Review: Freethinkers


I read the following book review by Christopher Hitchens of Freethinkers: A History of American Secularism


, by Susan Jacoby.

As a friend pointed out, the US has a strict separation of church and state (no mention of God in the US Constitution), but a healthy practice of religion in its political life. Meanwhile, the UK (sans NI) has an established church, but an absence of religion in its politics (again, sans NI).

Hitchen’s review:

When the Supreme Court recently listened to debate about the words “under God” as they appear in the Pledge of Allegiance, it heard arguments from those who think that the expression endorses religion, and thus violates the “establishment” clause of the First Amendment, and from those who believe that acknowledgment of the Almighty is somehow beyond religion and/or no bad thing. What is generally overlooked is that the Pledge was initially composed without those two words, which were inserted only during the Red scare of the 1950s. Or to put it another way, the United States managed to survive two world wars, a depression and the first decade of the Cold War without any such invocation. Thus those who want the Pledge restored to its authentic version can claim to be acting as strict constructionists with a solid defense of “original intent.” 

The great virtue of Susan Jacoby’s book is that it succeeds so well in its own original intent: showing that secularism, agnosticism and atheism are as American as cherry pie. Indeed, this is the first and only country to adopt a Constitution that specifically excludes all reference to a higher power. (I say “specifically” because those meeting in Philadelphia did consider, and did decisively reject, any such reference.) Many were the bishops and preachers of the time who warned that God would punish such profanity, but many were the preachers who said the same about the Virginia Statute on Religious Freedom, which did no more than state that no citizen could be obliged to pay for the upkeep of a church in which he did not believe. 

Two of the great books of the 18th-century Enlightenment were Thomas Paine’s The Age of Reason and Constantine Volney’s The Ruins. Thomas Jefferson wrote in praise of the first and helped translate the second from the French. Abraham Lincoln read both, and we have his great colleague William Herndon’s word for it that his own agnosticism was the result of Lincoln’s persuasion. I think it could fairly be said, however, that American schoolchildren are not taught that Jefferson and Lincoln were unbelievers, or that Jefferson took a razor blade and cut out all the passages of the New Testament that he found offensive to reason or common sense — leaving him with a highly condensed version. Elizabeth Cady Stanton, co-founder of the movement for female emancipation, was to develop this idea into the Woman’s Bible, which blamed the religious mentality for the degradation of her sex. The refusal to establish any religion, or state support for same, helped spare the United States the fate of Europe, where slaughter between discrepant Christian sects had come close to extinguishing civilization. It did not, however, prevent Americans from invoking the blessing of heaven on whichever cause they favored. The Rev. Timothy Dwight, celebrated president of Yale, denounced smallpox vaccinations as a blasphemous interference with God’s design. The upholders of slavery claimed (correctly) that there was biblical warrant for the “peculiar institution.” The abolitionists also warred in the name of the divine. The pulpits were just as much divided during the civil rights movement of the 1950s and ’60s.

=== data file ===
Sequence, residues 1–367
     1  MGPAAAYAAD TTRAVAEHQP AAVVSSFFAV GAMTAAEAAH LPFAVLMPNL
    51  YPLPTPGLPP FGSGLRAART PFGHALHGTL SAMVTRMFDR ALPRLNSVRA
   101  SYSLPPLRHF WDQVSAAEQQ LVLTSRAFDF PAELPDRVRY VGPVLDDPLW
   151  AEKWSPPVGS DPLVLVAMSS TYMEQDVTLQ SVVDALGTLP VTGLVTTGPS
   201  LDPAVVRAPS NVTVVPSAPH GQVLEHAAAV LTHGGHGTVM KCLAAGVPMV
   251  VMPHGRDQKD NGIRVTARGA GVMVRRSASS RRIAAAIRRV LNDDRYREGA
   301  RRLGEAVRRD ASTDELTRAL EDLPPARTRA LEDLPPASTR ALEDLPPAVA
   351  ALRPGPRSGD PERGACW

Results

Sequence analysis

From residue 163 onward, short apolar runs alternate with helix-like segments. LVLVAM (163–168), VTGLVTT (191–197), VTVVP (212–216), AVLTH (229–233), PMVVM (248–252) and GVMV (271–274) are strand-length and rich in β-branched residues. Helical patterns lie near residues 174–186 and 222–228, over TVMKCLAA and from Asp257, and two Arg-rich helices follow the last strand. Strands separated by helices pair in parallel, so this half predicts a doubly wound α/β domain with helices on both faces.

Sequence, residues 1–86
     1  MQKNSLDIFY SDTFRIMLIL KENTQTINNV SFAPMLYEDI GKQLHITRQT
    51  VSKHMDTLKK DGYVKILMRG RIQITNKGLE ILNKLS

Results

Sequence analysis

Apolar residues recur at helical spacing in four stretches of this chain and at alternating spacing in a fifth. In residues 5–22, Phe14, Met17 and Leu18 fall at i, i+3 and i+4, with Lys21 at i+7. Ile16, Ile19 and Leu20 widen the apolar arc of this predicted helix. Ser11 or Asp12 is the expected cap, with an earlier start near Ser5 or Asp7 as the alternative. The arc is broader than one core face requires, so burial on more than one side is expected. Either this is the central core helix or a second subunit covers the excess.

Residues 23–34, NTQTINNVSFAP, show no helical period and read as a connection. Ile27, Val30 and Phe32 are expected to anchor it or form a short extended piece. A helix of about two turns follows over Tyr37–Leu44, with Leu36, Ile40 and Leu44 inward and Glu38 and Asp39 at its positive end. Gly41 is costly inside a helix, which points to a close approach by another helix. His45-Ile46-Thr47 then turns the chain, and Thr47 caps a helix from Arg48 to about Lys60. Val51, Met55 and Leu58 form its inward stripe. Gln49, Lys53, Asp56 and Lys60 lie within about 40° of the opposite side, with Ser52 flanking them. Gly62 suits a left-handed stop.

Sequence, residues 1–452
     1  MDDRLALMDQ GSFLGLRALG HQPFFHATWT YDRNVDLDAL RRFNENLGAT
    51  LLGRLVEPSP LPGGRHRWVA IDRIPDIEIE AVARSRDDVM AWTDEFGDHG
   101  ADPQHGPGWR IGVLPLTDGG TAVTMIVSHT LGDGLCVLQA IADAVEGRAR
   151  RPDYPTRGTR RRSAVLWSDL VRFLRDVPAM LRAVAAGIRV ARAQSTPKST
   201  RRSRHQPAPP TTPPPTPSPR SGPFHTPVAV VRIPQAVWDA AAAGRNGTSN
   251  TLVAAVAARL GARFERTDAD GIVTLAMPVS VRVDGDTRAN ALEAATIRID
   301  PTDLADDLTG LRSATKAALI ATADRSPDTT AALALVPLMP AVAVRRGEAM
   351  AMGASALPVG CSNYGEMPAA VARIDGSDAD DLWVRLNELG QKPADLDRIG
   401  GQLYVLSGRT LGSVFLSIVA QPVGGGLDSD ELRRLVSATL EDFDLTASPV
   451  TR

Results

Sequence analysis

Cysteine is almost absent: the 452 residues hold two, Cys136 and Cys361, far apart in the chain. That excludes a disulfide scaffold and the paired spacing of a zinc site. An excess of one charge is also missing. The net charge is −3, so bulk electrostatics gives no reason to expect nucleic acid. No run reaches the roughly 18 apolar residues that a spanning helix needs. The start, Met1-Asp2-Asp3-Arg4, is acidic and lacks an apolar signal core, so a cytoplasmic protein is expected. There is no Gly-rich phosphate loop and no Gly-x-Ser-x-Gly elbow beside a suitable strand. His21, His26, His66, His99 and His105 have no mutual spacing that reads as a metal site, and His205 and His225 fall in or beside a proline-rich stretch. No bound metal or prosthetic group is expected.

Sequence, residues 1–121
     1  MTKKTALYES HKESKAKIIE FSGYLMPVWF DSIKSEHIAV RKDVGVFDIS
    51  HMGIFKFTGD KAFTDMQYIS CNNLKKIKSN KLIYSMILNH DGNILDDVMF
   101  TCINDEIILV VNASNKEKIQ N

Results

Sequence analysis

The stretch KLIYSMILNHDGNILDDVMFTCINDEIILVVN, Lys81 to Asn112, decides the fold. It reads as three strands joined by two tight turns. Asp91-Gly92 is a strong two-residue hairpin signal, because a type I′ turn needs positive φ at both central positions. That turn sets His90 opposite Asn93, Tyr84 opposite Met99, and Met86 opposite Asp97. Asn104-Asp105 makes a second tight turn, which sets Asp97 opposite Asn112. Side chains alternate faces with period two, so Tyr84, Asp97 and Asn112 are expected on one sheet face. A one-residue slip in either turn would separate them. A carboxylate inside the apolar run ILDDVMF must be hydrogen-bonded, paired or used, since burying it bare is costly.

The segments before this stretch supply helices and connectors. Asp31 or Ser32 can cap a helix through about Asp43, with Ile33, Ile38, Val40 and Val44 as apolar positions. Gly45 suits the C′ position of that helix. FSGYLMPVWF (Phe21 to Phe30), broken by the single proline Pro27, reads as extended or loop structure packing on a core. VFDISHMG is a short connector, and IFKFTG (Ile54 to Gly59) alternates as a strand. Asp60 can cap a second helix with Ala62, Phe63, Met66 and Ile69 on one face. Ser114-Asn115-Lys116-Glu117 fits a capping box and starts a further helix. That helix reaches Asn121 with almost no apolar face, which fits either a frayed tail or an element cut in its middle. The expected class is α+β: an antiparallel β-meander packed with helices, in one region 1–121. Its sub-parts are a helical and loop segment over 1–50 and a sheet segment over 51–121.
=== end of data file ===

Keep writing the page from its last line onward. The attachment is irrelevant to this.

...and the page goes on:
In lucid and witty prose, Jacoby has uncovered the hidden history of secular America, and awarded it a large share of credit in every movement for social and political reform. It’s nice to read again of the friendship between Walt Whitman and Robert Ingersoll, the greatest anti-religious lecturer of his day. It’s sobering to be reminded of how many states practiced overt sectarian discrimination, against Jews, Catholics and Quakers, even after the Founding Fathers had made plain their abhorrence of all such practices. And, of course, it is salutary to be reminded of how much plain villainy and stupidity has been promulgated from the platforms of the godly, many of whom would still like to retard the elementary teaching of science. 

If the book has a fault, it is the near-axiomatic identification of the secular cause with the liberal one. Susan Jacoby has what might be called ACLU politics. To read her, you would not know that two of the most prominent intellectual gurus of American conservatism — Ayn Rand and Leo Strauss — were both determined nonbelievers. H.L. Mencken, who if not exactly a conservative was certainly not a liberal, had vast contempt for religion but is cited only briefly here for his role in the Scopes trial in Tennessee. Still, when Billy Graham can be asked to give the address at a service for the victims of Sept. 11, and can use the occasion to say that all the dead are now in heaven and would not rejoin us even if they could, it is essential to be reminded of our rationalist tradition — and also of the fact that our current deadliest foe is conspicuously “faith-based”.

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